This study was supported by a research grant from Merck & Co Inc, West Point, Pa, and by institutional support from the Harvard Pilgrim Health Care Foundation, Boston, Mass.
Corresponding author: Jonathan A. Finkelstein, MD, MPH, Department of Ambulatory Care and Prevention, Harvard Medical School and Harvard Pilgrim Health Care, 126 Brookline Ave, Suite 200, Boston, MA 02215.
EF Inner-city asthma: the epidemiology of an emerging US public health concern. Chest.
1992;101(suppl)362S- 367SGoogle Scholar
III Asthma among minority children: a growing problem. Chest.
1992;92(suppl)368S- 371SGoogle Scholar
A Racial, social, and environmental risks for childhood asthma. AJDC.
1990;1441189- 1194Google Scholar
PW Childhood asthma and poverty: differential impacts and utilization of health services. Pediatrics.
1993;9156- 61Google Scholar
M Poverty, race, and hospitalization for childhood asthma. Am J Public Health.
1988;78777- 782Google ScholarCrossref
DK Variations in the use of medication for the treatment of childhood asthma in the Michigan Medicaid population, 1980-1986. Chest.
1993;1041727- 1733Google ScholarCrossref
FE A comparison of beclomethasone, salmeterol, and placebo in children with asthma. N Engl J Med.
1997;3371659- 1665Google ScholarCrossref
et al. Evaluation of the addition of cromolyn sodium to bronchodilator maintenance therapy in the long-term management of asthma. J Allergy Clin Immunol.
1987;80612- 621Google ScholarCrossref
et al. Montelukast for chronic asthma in 6- to 14-year-old children. JAMA.
1998;2791181- 1186Google ScholarCrossref
et al. Effects of 22 months of treatment with inhaled corticosteroids and/or beta-2-agonists on lung function, airway responsiveness, and symptoms in children with asthma. Am Rev Respir Dis.
1992;146547- 554Google ScholarCrossref
S Changes in health plans serving Medicaid, 1993-1996. Health Aff (Millwood).
125- 133Google ScholarCrossref
KA Rationing or rationalizing children's medical care: comparison of a Medicaid HMO with fee-for-service care. Am J Public Health.
1994;84899- 904Google ScholarCrossref
et al. Prepaid group practice effects on the utilization of medical services and health outcomes for children: results from a randomized controlled trial. Pediatrics.
1989;83168- 180Google Scholar
JM Expenditures for care of children with chronic illnesses enrolled in the Washington State Medicaid program, fiscal year 1993. Pediatrics.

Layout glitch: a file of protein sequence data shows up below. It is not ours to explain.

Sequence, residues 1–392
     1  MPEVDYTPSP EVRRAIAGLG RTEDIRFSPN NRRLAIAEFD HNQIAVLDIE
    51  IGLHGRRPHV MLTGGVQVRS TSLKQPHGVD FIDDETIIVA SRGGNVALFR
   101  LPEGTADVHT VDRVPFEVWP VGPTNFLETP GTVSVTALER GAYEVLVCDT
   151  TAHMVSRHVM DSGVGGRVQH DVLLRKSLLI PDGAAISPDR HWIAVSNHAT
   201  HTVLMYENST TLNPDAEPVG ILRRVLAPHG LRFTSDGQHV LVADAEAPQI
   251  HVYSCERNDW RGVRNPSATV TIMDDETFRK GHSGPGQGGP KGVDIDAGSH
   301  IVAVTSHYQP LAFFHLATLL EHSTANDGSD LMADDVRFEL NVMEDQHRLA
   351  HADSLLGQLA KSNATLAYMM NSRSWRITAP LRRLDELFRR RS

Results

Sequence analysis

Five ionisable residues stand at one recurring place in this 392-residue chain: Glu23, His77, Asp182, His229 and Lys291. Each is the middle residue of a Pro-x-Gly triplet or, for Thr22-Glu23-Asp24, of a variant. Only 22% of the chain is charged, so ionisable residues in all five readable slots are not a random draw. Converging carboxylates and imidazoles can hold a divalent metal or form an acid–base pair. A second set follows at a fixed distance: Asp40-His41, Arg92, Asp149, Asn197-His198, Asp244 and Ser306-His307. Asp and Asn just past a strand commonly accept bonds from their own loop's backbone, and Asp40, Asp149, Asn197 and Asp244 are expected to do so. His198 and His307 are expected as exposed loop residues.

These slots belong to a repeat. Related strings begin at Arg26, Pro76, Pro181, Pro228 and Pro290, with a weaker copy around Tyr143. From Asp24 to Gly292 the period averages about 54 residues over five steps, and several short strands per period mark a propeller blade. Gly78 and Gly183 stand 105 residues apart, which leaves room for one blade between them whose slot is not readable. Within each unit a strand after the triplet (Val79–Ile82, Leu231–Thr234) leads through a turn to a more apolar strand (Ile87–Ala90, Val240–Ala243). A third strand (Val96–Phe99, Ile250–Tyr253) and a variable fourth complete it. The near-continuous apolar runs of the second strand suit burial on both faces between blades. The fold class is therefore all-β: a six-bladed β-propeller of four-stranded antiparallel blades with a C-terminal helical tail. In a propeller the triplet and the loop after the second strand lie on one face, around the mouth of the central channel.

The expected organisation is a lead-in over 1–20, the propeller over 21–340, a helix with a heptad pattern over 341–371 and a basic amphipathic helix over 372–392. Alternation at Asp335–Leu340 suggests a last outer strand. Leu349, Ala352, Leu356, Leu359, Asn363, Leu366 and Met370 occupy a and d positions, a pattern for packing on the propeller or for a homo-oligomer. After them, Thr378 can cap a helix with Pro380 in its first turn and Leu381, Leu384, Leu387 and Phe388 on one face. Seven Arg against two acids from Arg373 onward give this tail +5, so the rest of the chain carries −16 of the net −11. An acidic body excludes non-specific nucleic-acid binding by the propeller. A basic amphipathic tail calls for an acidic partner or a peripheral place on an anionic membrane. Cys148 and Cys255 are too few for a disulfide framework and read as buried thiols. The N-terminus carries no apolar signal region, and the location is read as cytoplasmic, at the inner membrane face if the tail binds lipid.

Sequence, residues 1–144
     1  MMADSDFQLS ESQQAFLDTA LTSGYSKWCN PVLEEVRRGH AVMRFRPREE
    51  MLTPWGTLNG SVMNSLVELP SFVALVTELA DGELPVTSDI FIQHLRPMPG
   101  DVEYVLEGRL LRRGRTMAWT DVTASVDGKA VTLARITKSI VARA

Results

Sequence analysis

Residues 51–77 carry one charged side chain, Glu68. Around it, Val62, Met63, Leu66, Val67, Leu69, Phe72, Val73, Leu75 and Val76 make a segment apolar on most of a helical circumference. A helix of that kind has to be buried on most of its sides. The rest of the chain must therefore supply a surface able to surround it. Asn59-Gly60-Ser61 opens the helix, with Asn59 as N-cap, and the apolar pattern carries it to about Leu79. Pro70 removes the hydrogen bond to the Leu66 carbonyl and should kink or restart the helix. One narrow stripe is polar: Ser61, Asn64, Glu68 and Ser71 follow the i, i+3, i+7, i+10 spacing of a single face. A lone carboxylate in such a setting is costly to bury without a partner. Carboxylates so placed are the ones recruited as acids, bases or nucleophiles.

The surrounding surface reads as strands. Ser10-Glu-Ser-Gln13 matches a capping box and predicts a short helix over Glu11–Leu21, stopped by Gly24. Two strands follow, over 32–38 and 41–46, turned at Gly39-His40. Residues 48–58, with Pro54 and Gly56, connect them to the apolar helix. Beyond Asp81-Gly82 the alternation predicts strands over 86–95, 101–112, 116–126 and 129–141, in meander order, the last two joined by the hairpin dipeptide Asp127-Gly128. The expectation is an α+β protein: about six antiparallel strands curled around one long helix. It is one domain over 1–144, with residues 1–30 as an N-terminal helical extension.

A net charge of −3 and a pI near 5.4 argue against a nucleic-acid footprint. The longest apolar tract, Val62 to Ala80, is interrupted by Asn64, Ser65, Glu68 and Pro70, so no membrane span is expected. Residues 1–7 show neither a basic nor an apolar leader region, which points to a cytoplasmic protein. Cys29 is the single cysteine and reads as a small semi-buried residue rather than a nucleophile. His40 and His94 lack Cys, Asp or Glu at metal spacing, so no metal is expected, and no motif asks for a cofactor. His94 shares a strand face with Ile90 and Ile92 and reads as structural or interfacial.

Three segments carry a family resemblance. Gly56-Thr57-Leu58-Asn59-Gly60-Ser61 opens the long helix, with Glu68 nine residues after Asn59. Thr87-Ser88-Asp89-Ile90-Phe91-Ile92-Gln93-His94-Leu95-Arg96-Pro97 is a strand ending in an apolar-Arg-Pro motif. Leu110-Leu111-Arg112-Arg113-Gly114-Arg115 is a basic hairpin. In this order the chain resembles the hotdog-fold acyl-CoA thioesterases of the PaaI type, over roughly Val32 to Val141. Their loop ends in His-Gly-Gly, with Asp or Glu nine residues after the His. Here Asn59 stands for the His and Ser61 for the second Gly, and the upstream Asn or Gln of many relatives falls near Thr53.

1997;100197- 204Google ScholarCrossref
AE Rates of avoidable hospitalization by insurance status in Massachusetts and Maryland. JAMA.
1992;2682388- 2394Google ScholarCrossref
TD Use of health services by African-American children with asthma on Medicaid. JAMA.
1995;274469- 473Google ScholarCrossref
E A comparison of asthma-related healthcare use between African-Americans and Caucasians belonging to a health maintenance organization (HMO). J Asthma.
1999;36195- 204Google ScholarCrossref
R Harvard Community Health Plan. Strom
2nd ed. New York, NY John Wiley & Sons Inc1994;277- 287Google Scholar
M COSTAR: a computer based medical information system for ambulatory care. Proc IEEE.
1979;671226- 1237Google ScholarCrossref
World Health Organization, International Classification of Diseases, Ninth Revision (ICD-9). Geneva, Switzerland World Health Organization1977;
C Trends in pediatric asthma hospitalization rates: regional and socioeconomic differences. Pediatrics.
1998;101208- 213Google ScholarCrossref
AE The association of payer with utilization of cardiac procedures in Massachusetts. JAMA.
1990;2641255- 1260Google ScholarCrossref
AE The relation between health insurance coverage and clinical outcomes among women with breast cancer. N Engl J Med.
1993;329326- 331Google ScholarCrossref
JC Understanding sociodemographic differences in health: the role of fundamental social causes. Am J Public Health.
1996;86471- 475Google ScholarCrossref
National Asthma Education and Prevention Program, Expert Panel Report 2: Guidelines for the Diagnosis and Management of Asthma. Bethesda, Md National Institutes of Health1997;31
R Inhaled steroids and the risk of hospitalization for asthma. JAMA.
1997;277887- 891Google ScholarCrossref
et al. Medications used by children with asthma living in the inner city. Pediatrics.
1998;101349- 354Google ScholarCrossref
AE Medicaid Managed Care Plan Performance [dissertation]. Waltham, Mass Florence Heller Graduate School for Advanced Studies in Social Welfare, Brandeis University1998;147
JJ Exposure to house-dust mite allergen (Der p I) and the development of asthma in childhood. N Engl J Med.
1990;323502- 507Google ScholarCrossref
et al. The role of cockroach allergy and exposure to cockroach allergen in causing morbidity among inner-city children with asthma. N Engl J Med.
1997;3361356- 1363Google ScholarCrossref
A Maternal smoking and childhood asthma. Pediatrics.
1990;85505- 511Google Scholar
H Reported difficulties in access to quality care for children with asthma in the inner city. Arch Pediatr Adolesc Med.
1998;152333- 339Google ScholarCrossref
J Health care utilization and cost among children with asthma who were enrolled in a health maintenance organization. Pediatrics.
1997;99757- 764Google ScholarCrossref
P Reduction in resource utilization by an asthma outreach program. Arch Pediatr Adolesc Med.
1995;149415- 420Google ScholarCrossref